Benefits of Gardening in the Senior Years

By Patricia Schumacher, 9:00 am on

Gardening has mental and physical benefits for seniors. While the physical side of gardening is more obvious, the cognitive component shouldn’t be underestimated. The gardening process, from planning to planting to tending, is a wonderful way for seniors to stay physically healthy and mentally sharp. Here are a few benefits of gardening in the senior years.

Promotes Physical Activity

Gardening may not be as vigorous as an aerobics class or a yoga session, but this outdoor activity gets the muscles moving and the heart pumping. This light cardiovascular exercise, which involves lifting, digging, and bending, can help seniors stay strong, mobile, and flexible. Seniors should remember to stretch before and after they tend to their gardens. They should pay special attention to their hands and fingers, as doing detailed work in a vegetable garden can lead to hand cramps. 

From tending to their gardens to managing basic household chores, seniors may need assistance with an array of tasks. Rhode Island elder care experts are available to provide high-quality care to seniors on an as-needed basis. From assistance with mobility and exercise to providing transportation to the doctor’s office and social events, there are a variety of ways professional caregivers can help your aging loved one continue to live independently.

Provides an Opportunity to Get Fresh Air and Sunlight

Spending some time in the sun helps seniors produce some much-needed vitamin D. Sunshine also boosts the body’s production of serotonin, a neurotransmitter that regulates mood. People with low serotonin levels are at greater risk for depression and other emotional health issues. For seniors who feel depressed or lethargic, spending time outside tending to a flowerbed can provide emotional and mental relief.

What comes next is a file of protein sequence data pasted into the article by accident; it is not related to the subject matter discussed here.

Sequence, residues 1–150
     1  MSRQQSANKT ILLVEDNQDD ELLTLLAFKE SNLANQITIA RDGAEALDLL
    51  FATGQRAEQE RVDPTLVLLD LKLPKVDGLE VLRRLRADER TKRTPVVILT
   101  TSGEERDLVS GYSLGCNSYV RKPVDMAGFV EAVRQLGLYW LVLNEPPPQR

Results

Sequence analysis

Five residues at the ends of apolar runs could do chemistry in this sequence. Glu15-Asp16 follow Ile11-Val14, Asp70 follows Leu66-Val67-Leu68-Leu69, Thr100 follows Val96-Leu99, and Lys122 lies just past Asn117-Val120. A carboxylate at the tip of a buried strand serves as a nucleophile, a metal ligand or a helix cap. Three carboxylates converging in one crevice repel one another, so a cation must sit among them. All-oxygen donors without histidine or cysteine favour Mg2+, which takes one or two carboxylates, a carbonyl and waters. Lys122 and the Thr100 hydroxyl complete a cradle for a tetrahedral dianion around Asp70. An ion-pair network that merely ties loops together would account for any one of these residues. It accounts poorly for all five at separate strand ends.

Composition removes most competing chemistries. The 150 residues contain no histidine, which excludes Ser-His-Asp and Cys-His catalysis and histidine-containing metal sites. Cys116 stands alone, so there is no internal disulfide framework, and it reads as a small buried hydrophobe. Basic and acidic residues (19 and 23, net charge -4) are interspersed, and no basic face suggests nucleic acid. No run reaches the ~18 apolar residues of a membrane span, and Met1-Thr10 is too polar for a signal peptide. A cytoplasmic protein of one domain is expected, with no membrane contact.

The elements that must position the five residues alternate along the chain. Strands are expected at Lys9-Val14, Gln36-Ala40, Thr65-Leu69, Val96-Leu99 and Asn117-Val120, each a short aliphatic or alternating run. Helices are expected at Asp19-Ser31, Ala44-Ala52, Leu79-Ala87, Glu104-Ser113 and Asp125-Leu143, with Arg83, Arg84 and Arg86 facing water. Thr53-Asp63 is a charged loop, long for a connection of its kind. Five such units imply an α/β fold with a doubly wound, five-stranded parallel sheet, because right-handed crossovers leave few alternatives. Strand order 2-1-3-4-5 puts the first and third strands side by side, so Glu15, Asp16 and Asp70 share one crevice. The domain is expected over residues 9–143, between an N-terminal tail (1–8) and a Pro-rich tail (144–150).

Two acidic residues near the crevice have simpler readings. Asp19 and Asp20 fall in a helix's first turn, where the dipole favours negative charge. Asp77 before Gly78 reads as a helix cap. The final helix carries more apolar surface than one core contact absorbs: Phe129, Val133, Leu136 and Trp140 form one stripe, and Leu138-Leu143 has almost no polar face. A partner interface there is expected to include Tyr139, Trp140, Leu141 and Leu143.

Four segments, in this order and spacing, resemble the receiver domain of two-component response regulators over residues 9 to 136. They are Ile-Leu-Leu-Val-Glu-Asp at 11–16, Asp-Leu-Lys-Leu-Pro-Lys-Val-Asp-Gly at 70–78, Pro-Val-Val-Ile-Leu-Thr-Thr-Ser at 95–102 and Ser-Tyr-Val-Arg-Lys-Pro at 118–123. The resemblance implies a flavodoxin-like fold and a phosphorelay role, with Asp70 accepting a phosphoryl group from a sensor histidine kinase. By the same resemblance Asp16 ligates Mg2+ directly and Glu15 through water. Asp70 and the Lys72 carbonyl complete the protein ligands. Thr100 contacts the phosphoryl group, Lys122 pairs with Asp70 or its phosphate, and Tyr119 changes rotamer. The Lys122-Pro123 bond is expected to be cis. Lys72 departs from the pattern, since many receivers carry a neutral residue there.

Increases Serotonin in the Body

Sunlight isn’t the only aspect of gardening that increases serotonin production. Dirt contains Mycobacterium vaccae, which boosts the production and metabolism of this important neurotransmitter.

Reduces Dementia Risk

Gardening isn’t just a physical activity. It also requires skill and foresight. Gardeners have to plan out each plot in their garden, tend to the plants at regular intervals, and keep new growths alive with skill and care. When these cognitive tasks are combined with motor skills, it forces the brain to work in multiple ways at once. This forges new neural pathways, which makes gardening an excellent way to stave off dementia. 

Dementia can be challenging for seniors to manage, but they can maintain a higher quality of life with the help of professional dementia home care. Rhode Island seniors can benefit greatly from the Cognitive Therapeutics Method (CTM), an activities-based program designed to promote cognitive health and delay the onset of dementia. CTM is included at no additional charge with any of the in-home care plans provided by Home Care Assistance.

Relieves Stress

Studies show gardening is an effective method of stress relief. Seniors may find the repetitive movements of gardening soothing, or they may find relief through the aerobic component. Gardening can regulate cortisol levels in the body. This hormone performs necessary functions, but when cortisol levels get too high it can lead to undue stress. Because gardening lowers cortisol production, it can relieve feelings of anxiety. 

Provides Healthy Produce

Most of the benefits of gardening come from the process. There are the physical benefits of planting and tending and the cognitive benefits of planning and problem solving. When seniors grow produce, their hobby also results in healthy homegrown food. Encourage your loved one to grow a vegetable garden filled with easy-to-grow produce like cucumbers, tomatoes, carrots, and zucchini.

Gardening and other physical tasks around the house may be difficult for some seniors to accomplish. If your senior loved one needs hourly or 24-hour care, Rhode Island Home Care Assistance can help. Our caregivers can assist with exercise and mobility, prepare nutritious meals, provide timely medication reminders, and help with a wide array of other important daily tasks. To create a customized in-home care plan for your elderly loved one, give us a call at (401) 284-0979 today.

Spread the love